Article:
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ajt (2546)

ajt
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http://www.iredale.net/

UK based. Perl, XML/HTTP, SAP, Debian hacker.

  • CPAN: ATRICKETT [cpan.org]
  • PerlMonks: ajt [perlmonks.org]
  • Local LUG: AdamTrickett [lug.org.uk]
  • Debian Administration: ajt [debian-adm...ration.org]
  • LinkedIn: drajt [linkedin.com]

Journal of ajt (2546)

Tuesday July 02, 2002
03:58 PM

Perl and XML

[ #6134 ]

I like XML! I learnt HTML before I learnt Perl, and I perviously worked for Inso, who were heavily into SGML/DOM/XML. Combining Perl and XML has until recently been a very slow and painful process, and as anyone can see from a book shop XML goes with Java not Perl....

Recently I got involved in a project to web enable our repair reporting process for customer services and the repairs department. The back-end system is a very complex and overblown SAP system, which is quite hideously over the top for the size of company we are. The end users hate to use it, so it was proposed that a light weight web front end would be built to get the users to input their own data, but without having to use SAP directly.

Excluding the fact that the project wasn't properly specified, and has suffered almost constant feature creep, and has woefully inadequate testing, it's actually work quote well, and the end users actually like it!

It's unlike almost any typical Perl/CGI application, but it's built from over 90% CPAN parts. Basically from a static HTML starting page, the user fills stuff in, and POSTs it back to a CGI/Perl script. All the script does is parse the input, place the CGI parameters into an XML structure, and then POST that to the SAP webMethods Business Connector (BC). The BC returns an XML file to the script, which caches it, and sends a redirect to the browser. The browser requests a new page, which calls a new CGI/Perl script, which takes the XML file out of the cache, (maybe tinkers with it), then sends it to the browser after it's been through XSL-T.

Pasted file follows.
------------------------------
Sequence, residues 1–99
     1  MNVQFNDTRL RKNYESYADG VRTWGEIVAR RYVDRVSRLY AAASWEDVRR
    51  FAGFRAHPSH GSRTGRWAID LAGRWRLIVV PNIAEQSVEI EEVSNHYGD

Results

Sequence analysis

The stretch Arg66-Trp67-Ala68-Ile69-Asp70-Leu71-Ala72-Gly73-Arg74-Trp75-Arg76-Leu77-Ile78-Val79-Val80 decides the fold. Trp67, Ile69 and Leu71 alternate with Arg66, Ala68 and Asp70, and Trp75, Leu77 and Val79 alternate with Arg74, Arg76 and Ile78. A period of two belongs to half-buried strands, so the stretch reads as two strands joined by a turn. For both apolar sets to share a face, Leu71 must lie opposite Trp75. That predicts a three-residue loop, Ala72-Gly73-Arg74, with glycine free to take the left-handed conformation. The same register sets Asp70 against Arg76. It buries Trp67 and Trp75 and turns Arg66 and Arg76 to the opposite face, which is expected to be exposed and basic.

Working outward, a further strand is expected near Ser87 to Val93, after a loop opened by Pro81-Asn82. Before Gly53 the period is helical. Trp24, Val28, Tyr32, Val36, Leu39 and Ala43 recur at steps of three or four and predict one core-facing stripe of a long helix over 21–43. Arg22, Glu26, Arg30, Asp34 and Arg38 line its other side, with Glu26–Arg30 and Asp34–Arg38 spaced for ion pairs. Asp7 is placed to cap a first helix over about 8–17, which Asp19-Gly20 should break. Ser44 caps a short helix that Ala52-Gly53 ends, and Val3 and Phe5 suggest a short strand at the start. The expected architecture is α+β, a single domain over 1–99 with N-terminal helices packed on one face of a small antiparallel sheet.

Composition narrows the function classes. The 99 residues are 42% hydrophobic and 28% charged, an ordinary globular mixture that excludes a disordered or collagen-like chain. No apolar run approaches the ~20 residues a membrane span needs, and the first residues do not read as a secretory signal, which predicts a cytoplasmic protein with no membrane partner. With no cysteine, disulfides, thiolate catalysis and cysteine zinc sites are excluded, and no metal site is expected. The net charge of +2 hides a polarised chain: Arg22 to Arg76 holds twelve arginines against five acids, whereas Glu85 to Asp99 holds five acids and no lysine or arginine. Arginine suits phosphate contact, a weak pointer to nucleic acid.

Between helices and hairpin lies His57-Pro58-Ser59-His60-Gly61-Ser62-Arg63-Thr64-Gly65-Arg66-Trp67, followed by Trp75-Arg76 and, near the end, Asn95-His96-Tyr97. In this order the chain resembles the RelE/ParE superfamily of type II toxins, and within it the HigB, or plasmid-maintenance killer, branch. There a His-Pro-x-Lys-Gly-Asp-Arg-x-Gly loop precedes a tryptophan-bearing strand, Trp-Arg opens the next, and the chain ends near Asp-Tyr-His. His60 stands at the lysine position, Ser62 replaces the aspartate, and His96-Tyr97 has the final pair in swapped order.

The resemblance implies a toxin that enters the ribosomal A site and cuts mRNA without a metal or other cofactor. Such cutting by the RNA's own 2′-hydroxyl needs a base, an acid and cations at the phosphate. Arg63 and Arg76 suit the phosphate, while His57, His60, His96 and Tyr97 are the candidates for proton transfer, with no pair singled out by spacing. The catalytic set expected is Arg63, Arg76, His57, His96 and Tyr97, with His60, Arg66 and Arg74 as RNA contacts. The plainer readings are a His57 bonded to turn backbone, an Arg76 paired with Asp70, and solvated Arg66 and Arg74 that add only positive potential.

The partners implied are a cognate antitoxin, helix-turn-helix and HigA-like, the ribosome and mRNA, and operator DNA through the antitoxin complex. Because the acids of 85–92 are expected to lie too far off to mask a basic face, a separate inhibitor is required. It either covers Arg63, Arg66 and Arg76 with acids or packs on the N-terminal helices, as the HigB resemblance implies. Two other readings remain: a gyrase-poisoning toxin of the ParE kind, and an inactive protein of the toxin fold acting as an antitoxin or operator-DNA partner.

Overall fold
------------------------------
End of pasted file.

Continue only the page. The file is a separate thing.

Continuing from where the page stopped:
Unlike many typical CGI/mod_Perl applications, I'm not using a conventional templating system at all. Indeed except for fatal errors, the CGI process never sends output to the user at all, everything is written into XML files that are then templated for output.

At first having to put things into and take them out of XML structures seems slow compared with a regular Perl hash, but as the systems I'm talking to on each side speak XML, and with XML I can have any data structure I want, and I can change it at will without having to change large chunks of code, has made development time swift (once we had the infrastructure in place).

I would strongly recommend any budding Perl user to have a look on at:

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